AFL International Cup: South Africa v Fiji

Kardinia Park – I’ve watched a few games of footy there over the years, even seen a 20/20 match before the Big Bash became popular. What about that time Run Geelong ended on the hallowed turf? I vaguely remember watching some of a district cricket match out on oval 2 and I’m sure the children have done their swimming sports at the pool south of the main oval. None of those places are my destination tonight. St Mary’s Football club oval, virtually right on Latrobe Terrace and in the shadows of the Cattery is the venue for a third round match in the AFL International Cup: South Africa v Fiji. I’m quite intrigued, wondering what the standard will be like.

 

I’ve arrived at half time but don’t seem to have missed too much as the scoreline reads 0.2.2 to 3.3.21. Perhaps the match has been halted for a while as a stretcher is on the ground and a player is being carried off; he doesn’t look too good and an ambulance later arrives. Hopefully he is OK.

 

My first observation of the South African players is that they are mostly quite small. The majority of them must have spent more time waiting for trains than weight training. On the other hand the Fijians look like a group of ex-rugby players. There’s a fair crowd here, the majority of them in St Mary’s hoodies and caps.

 

The third quarter starts off at a frenetic pace and easily predictable based on their lithe physiques, the South Africans are lightning fast. Both teams seem to have their structures set up well, looks like an ex-pat Aussie might be the coach of the South African Lions. Marking of both teams is a fair standard, kicking not so. I’m tipping that St Mary’s – recent perennial finalist in the Geelong Football League would probably win a contest against either team quite easily. That’s not too relevant tonight; it’s more about the development of our great game and based on the passion and enthusiasm of coaches, players and supporters develop it will, over time.

 

Whiteboards, attempted speccies, a few “oh come on ump” – the familiar, counterbalanced with the new. I have never heard an impromptu version of The Lion Sleeps Tonight at an AFL game before.

 

The Lions appear to have their game together as the second half progresses and a couple of third quarter goals sets the contest up for a tight final stanza. The majority of the final term is spent in the Lions’ half and with only a few minutes of the 17:30, no time on last quarter they hit the front. Coaching and support staff are jumping, screaming, yelling. “Lock it in” as they go forward again, but they don’t and the ball finds its way to the wing and a throw in, then to the Fijian half forward line and another throw in. As they count down the last 10 seconds they know they have the win and then the celebrations really begin. I join the throng out on the ground to watch the singing of the song.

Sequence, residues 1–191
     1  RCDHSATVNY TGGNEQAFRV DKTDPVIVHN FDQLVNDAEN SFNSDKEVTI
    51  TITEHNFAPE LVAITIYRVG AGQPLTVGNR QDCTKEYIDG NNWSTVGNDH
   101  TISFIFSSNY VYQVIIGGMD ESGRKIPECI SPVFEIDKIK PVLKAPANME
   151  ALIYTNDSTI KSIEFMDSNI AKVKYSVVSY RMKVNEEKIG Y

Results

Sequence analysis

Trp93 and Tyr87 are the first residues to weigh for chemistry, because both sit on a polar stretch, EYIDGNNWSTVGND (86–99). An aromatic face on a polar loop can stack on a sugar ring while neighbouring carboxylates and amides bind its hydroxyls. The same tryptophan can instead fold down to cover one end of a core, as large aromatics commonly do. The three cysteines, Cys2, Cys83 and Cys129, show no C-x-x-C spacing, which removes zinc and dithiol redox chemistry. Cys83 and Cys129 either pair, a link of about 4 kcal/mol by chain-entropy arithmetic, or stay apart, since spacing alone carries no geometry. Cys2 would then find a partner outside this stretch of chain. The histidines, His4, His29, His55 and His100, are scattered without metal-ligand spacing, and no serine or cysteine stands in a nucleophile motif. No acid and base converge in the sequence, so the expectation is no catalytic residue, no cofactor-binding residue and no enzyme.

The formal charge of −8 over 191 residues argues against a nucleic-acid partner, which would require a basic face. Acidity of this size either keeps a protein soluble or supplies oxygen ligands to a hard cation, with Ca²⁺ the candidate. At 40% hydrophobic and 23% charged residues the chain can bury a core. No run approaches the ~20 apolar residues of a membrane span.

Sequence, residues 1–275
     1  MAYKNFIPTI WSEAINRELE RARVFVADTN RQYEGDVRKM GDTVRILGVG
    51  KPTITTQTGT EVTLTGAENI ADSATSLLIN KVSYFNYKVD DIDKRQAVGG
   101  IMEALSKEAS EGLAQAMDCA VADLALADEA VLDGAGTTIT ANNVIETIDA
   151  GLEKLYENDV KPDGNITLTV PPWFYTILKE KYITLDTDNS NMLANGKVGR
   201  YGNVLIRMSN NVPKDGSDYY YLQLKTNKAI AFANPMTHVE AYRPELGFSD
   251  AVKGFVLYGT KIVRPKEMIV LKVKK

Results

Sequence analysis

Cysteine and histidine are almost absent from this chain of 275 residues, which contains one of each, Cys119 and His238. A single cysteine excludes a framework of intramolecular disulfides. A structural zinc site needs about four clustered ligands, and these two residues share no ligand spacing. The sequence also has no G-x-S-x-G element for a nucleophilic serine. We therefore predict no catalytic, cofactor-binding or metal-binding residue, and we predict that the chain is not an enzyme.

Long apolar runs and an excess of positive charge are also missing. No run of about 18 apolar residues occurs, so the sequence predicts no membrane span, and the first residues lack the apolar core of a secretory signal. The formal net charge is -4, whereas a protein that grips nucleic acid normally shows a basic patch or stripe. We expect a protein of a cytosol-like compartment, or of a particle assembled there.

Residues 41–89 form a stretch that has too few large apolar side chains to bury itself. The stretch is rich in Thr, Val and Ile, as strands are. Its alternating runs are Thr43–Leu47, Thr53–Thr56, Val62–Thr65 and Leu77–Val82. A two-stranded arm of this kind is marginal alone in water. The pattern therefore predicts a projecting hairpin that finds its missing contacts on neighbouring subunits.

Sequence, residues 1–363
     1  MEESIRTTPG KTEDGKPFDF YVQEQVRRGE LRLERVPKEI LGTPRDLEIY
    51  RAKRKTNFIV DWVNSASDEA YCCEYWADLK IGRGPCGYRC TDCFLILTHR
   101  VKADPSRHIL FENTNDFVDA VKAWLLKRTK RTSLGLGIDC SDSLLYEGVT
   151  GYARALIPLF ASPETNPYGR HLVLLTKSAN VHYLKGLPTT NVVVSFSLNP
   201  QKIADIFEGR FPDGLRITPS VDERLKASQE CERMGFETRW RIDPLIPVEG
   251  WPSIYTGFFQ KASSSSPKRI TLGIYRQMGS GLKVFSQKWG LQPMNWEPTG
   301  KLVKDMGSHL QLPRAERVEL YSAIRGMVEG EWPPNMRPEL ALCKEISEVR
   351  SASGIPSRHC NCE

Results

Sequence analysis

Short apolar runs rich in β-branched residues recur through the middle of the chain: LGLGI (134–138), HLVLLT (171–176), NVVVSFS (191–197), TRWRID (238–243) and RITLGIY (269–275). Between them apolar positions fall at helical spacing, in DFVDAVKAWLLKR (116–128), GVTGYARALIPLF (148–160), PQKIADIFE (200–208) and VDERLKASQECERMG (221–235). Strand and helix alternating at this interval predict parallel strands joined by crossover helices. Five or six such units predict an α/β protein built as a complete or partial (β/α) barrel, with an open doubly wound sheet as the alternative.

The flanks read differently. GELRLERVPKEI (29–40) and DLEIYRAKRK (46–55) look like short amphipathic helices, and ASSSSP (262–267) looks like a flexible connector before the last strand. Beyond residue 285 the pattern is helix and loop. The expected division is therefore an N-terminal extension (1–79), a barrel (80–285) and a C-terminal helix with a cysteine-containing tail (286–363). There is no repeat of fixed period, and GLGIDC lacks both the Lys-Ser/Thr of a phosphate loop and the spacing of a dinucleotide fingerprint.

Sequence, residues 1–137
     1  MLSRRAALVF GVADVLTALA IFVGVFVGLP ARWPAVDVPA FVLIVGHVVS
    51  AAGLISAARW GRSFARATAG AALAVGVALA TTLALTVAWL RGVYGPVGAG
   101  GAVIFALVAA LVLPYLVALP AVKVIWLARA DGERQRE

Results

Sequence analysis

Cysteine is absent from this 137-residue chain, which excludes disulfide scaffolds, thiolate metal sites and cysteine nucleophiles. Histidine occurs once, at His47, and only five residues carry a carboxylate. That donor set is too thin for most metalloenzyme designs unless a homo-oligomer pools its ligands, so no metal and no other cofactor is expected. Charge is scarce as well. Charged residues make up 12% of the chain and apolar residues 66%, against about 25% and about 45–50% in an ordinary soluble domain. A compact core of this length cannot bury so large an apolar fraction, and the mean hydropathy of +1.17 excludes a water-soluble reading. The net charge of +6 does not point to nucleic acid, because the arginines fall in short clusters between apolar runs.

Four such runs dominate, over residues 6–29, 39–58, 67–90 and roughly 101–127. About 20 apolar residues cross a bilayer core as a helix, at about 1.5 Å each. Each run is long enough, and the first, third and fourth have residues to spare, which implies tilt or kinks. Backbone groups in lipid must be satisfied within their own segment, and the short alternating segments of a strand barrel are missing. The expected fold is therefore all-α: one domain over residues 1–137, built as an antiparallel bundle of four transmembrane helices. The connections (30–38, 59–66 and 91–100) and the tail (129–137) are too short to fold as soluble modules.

Undoubtedly this is the highlight of the night for me – these guys have a delightful joyous enthusiasm and they can sing. They sing, they dance, they hug. The celebration feels like it was more than a pool game early on the competition to them. (Looking at the ladder it doesn’t look like either team will progress to later rounds).

 

As I wander off to the car a couple of hundred metres away I can still hear the singing wafting out from the St Mary’s clubrooms. I ponder the possibilities. In a couple of decades could there be an AFL International Cup final played as a curtain raiser to the AFL Grand Final?

About Noel McPhee

Noel's background is in statistics including 13 years at the ABS. More recent employment has been at Deakin University. He enjoys working on the Census and elections. His weekly article, 'The Stats Bench' appears in the EFL's football record - The Eastern Footballer. Noel's legacy as a sportsman is that he tried hard; two cricket fielding trophies, a tennis premiership and boundary umpiring about 80 EFL senior games and a couple of underage grand finals.

Comments

  1. Noel
    good question at the end, I’m not sure of the answer but it would be wonderful to see something like that.

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